Sec. of State John Kerry was in Kuala Lumpar, Malaysia, for the Association of Southeast Asian Nations (ASEAN) Foreign Ministers Meeting this week, warning China to pull back on it’s military build-up of the Spratly Islands in the South China Sea.
The conference was attended by all 10 top diplomats of the regional bloc, as well as officials from dozens of other countries, including China.
In May, aerial photos showed mobile artillery, aircraft runways, and harbors being built on top of submerged reefs there. A U.S. P8-A Poseidon Navy aircraft was warned eight times by Chinese naval command to stay away from the area.
Since then, military officials in the Philippines have indicated that China has ordered them to keep their military planes from flying over islands where the construction is taking place.
“Freedom of navigation and overflight are among the essential pillars of international maritime law,” Kerry said. “Let me be clear: The United States will not accept restrictions on freedom of navigation and overflight, or other lawful uses of the sea.”
China and the Philippines, along with Vietnam, Malaysia, Taiwan, and Brunei, all have competing claims in the neutral territory of the South China Sea, which navigates $5 trillion in yearly shipping trade.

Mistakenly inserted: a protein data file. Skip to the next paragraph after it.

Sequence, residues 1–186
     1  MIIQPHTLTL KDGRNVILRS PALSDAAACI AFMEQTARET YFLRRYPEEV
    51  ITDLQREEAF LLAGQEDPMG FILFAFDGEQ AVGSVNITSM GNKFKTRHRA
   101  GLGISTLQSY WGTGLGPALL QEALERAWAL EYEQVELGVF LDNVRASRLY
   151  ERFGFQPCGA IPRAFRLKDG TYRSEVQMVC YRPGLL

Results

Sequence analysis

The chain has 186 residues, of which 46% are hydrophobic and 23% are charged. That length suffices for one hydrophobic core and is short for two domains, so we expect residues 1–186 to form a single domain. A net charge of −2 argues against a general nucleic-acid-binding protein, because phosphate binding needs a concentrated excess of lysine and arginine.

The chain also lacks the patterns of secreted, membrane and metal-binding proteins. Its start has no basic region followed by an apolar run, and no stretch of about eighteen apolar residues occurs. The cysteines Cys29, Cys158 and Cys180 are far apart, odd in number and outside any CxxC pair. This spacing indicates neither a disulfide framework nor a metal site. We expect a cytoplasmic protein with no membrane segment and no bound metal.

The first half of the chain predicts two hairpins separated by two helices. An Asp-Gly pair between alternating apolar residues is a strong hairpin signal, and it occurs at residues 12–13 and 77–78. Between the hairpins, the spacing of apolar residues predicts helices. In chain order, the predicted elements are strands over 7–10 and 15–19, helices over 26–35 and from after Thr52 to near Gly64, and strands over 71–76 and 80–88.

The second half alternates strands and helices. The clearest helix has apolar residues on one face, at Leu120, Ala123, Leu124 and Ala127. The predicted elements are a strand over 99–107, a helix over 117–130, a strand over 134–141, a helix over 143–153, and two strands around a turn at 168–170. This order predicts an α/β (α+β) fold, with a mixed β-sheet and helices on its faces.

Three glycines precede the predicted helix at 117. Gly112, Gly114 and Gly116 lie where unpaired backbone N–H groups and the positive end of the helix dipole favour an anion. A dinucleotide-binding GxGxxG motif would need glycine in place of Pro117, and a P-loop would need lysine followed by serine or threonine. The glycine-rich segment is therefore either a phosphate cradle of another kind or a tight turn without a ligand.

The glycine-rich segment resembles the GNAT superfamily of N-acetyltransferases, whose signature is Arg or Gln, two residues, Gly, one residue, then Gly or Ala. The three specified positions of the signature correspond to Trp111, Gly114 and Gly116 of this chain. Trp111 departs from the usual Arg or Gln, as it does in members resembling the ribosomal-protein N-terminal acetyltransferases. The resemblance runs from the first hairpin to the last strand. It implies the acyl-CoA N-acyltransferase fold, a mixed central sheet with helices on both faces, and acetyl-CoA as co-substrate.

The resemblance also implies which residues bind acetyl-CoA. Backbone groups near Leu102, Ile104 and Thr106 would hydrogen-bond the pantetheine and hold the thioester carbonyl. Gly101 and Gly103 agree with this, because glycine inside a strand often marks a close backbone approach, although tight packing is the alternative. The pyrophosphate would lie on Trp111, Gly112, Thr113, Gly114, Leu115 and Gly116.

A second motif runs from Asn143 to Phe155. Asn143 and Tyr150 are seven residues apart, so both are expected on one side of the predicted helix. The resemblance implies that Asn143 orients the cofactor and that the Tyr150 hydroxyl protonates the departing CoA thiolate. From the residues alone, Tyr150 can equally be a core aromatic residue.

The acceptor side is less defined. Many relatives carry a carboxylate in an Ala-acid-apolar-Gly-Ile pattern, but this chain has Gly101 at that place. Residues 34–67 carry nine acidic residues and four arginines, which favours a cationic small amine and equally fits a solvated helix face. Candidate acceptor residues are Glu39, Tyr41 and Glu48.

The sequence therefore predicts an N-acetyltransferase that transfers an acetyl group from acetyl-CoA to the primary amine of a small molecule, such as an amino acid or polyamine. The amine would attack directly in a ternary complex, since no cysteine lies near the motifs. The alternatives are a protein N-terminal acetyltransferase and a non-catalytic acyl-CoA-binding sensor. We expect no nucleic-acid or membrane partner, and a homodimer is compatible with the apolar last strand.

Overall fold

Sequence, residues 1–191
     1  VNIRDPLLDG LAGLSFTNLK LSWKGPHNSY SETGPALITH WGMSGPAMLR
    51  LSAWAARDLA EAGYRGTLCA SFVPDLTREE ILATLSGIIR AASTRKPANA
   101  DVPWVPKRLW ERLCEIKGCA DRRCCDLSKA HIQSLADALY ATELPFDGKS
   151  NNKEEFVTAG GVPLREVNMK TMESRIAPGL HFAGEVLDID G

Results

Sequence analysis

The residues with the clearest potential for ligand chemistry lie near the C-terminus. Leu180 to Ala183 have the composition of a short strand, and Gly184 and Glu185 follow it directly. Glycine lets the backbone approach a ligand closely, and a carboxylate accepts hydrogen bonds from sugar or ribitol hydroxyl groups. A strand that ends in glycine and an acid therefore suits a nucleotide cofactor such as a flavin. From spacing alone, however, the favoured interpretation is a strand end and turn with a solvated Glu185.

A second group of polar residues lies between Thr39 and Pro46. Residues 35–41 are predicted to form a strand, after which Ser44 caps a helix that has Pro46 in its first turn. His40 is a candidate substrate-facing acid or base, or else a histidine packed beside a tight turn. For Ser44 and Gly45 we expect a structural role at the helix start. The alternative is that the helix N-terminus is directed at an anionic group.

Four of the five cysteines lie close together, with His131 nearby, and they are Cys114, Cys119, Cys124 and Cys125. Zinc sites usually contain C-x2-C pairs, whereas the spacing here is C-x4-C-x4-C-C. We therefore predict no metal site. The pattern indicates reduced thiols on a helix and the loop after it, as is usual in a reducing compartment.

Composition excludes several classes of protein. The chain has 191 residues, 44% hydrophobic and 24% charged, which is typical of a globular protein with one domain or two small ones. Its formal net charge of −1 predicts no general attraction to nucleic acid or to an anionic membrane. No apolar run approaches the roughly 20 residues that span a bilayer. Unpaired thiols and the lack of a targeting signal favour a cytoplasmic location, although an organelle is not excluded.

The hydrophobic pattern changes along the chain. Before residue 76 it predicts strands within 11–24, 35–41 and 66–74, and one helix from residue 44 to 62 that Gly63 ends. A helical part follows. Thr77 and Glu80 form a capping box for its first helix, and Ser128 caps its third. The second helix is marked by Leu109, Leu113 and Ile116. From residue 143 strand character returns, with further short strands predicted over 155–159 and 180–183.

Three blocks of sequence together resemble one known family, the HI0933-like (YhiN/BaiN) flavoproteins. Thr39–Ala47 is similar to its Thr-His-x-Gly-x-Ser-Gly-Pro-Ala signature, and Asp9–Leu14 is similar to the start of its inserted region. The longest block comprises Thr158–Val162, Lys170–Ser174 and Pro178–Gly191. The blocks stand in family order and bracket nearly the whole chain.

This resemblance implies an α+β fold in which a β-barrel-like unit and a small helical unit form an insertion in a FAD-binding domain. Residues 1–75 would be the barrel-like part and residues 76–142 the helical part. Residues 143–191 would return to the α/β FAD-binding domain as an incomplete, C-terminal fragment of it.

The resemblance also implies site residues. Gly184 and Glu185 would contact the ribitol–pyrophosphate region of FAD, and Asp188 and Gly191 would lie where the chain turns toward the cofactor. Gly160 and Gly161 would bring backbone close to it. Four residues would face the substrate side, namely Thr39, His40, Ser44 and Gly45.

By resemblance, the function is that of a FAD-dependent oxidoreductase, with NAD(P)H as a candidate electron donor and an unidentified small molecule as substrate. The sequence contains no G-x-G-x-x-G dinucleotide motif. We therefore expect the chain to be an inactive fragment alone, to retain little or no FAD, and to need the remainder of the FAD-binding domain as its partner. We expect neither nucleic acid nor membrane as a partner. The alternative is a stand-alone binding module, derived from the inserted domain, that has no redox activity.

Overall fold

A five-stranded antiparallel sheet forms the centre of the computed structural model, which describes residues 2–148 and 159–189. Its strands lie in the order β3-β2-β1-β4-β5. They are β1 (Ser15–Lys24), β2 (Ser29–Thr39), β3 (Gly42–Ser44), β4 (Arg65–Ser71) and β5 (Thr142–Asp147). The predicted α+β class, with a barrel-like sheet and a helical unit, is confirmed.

Chinese foreign minister Wang Yi released a statement Thursday defending his country’s naval operations.
“First off, the situation in the South China Sea is generally stable, and there is no possibility of a major clash,” the statement read. “China opposes any non-constructive words and acts which widen division, exaggerate antagonism or create tensions.”
Wang Yi also claimed that Chinese island-building has “already stopped”.
Apparently ASEAN summit leaders didn’t buy-into minister Wang’s deescalating rhetoric, as they issued the following joint statement to conclude the ASEAN meeting:
“We discussed extensively the matters relating to the South China Sea and remained seriously concerned over recent and ongoing developments in the area . . . land reclamations . . . have eroded the trust and confidence, increased tensions and may undermine peace, security and stability in the (region).”
Sec. Kerry didn’t seem to buy what China’s minister was selling either, telling reporters Thursday, “The Chinese have indicated that they have stopped. I hope it is true. I don’t know yet.”
[The Guardian] [Reuters]